Chloé Zhao’s directorial Nomadland is one of the very few films, which as an Indian when you watch, you realise that the grass is not always greener on the other side. Nomadland has the capabilities to shatter your big American dreams as it shows you a strikingly different world from what you’ve always seen in Hollywood films. It’s not always hunky-dory!
Frances McDormand has probably given the most silent performance of her entire career. She doesn’t talk as much as she emotes through her eyes and body language. The two-time Oscar winner might just end up making this her third Oscar at the upcoming Academy Awards. Not just in her looks, but even in the simplest of things — like her walk — she embodies the life of a woman who has not just lost her beloved husband but has also realised that she is suddenly broke and homeless. One look at her and you are convinced that a world so different from the luxuries that you have, exists. You are made to sit back and appreciate the simple joys of life that you possess, like having friends to talk to and having a family to always be there whenever you need. Frances McDormand’s nuanced performance makes you realise how loneliness cannot only be depressing, but also fatal to one’s well-being. Even without doing much, Frances McDormand has hit the ball out of the park for a home run. Superb!
Chloé Zhao’s screenplay makes sure that the story stays true to its original inspiration and gives you a complete view of what it’s to be lonely and homeless at the same time. Her direction gives you ample chances to feel how boring and restless it would be to be on the road all the time and not have a home. As she has herself edited the film, she could have easily chopped off scenes where Frances McDormand is eating or taking a shit inside her van, but she makes sure to show those fleeting shots to the audiences so as to build a complete picture for them about how it would feel had they been living on the road throughout and not having anyone to share a meal with. Not only has the loneliness been shown, but Chloé Zhao manages to even make you squirm in your seats just shuddering about the thought of living a life this way. Really well-written and brought to life onscreen.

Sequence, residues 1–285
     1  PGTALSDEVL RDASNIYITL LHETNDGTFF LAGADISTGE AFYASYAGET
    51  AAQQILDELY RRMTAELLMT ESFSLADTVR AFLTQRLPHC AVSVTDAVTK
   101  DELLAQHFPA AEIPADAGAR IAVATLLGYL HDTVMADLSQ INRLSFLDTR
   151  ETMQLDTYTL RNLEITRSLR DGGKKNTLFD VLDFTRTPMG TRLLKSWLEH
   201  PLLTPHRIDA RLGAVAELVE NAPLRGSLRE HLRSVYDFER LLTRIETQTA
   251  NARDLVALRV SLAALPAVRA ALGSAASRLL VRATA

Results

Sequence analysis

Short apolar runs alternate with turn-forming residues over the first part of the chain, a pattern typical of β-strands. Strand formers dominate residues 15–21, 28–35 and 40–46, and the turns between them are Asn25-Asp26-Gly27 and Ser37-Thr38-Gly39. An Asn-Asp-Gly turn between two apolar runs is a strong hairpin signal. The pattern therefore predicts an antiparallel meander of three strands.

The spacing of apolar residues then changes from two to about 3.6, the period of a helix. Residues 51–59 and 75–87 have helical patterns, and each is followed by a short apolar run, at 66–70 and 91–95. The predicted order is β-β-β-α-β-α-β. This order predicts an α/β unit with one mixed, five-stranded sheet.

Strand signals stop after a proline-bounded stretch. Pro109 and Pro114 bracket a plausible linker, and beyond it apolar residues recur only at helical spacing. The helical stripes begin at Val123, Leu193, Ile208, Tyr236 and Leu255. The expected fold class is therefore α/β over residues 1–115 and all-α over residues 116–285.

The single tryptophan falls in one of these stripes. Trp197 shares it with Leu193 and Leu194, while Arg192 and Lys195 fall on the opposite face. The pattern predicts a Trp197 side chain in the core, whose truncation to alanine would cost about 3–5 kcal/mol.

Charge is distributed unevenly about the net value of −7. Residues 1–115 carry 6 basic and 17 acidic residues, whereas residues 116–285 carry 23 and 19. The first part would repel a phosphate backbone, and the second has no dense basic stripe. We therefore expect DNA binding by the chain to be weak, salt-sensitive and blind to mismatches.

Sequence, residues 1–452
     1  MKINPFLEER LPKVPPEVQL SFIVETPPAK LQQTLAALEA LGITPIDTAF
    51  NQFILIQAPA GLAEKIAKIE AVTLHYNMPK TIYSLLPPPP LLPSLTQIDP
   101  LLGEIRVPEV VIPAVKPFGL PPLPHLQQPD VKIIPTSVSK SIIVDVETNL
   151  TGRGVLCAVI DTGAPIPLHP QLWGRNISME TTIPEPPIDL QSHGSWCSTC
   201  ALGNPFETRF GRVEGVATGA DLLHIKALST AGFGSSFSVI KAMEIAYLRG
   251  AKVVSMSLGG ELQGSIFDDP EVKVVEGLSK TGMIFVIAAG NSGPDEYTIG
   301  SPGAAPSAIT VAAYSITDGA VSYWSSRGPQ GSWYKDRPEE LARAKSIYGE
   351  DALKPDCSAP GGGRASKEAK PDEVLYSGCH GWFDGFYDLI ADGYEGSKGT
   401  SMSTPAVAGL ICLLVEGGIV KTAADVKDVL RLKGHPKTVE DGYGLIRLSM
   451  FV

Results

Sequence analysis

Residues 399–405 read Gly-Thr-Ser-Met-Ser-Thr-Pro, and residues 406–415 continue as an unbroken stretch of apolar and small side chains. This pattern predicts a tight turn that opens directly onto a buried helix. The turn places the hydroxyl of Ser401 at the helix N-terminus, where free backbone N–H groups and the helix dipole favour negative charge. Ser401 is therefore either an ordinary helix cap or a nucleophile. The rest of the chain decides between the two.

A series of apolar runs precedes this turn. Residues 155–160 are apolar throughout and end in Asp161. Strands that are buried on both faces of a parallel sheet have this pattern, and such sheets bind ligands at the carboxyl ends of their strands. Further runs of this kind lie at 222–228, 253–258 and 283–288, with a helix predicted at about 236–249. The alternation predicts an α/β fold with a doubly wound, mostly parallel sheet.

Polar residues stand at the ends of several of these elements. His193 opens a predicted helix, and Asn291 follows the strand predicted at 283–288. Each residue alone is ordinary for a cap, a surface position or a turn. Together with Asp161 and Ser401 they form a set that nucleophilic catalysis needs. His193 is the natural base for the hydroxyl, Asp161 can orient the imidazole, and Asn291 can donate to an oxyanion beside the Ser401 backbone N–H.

The cinematography by Joshua James Richards is so raw that it actually transports you to the nomad lands. With every shot, you are made to feel more and more like someone who’s not just watching the film unfold, but actually living every minute of it. The numerous usages of the long shots in order to show the emptiness and hollowness of the situations is an absolute masterpiece.
The great part about the music and the background score by Ludovico Einaudi is the confidence with which he leaves scenes untouched and makes you live alongside the central character. Would you believe the first ounce of music comes to the screen after almost 15-minutes of the movie having been started? That’s the level of confidence a music director has to infuse in the movie’s director’s mind so as to be able to leave scenes raw and untouched and thereby create the maximum impact.
The only downside of Nomadland would be that it tends to drag the story a bit. While one could argue that it’s stretched out in order to create that restless feeling inside you as an audience, but there are times when you actually feel like some shots could have been cut out and made the screenplay faster.
On parting shots, I would like to say that Nomadland is already an Oscar-nominee in six categories. So, there is actually no harm in spending some time over the weekend on it. It’s worthier than the other releases.
Cast: Frances McDormand, David Strathairn, Linda May, Swankie, Bob Wells
Director: Chloe Zhao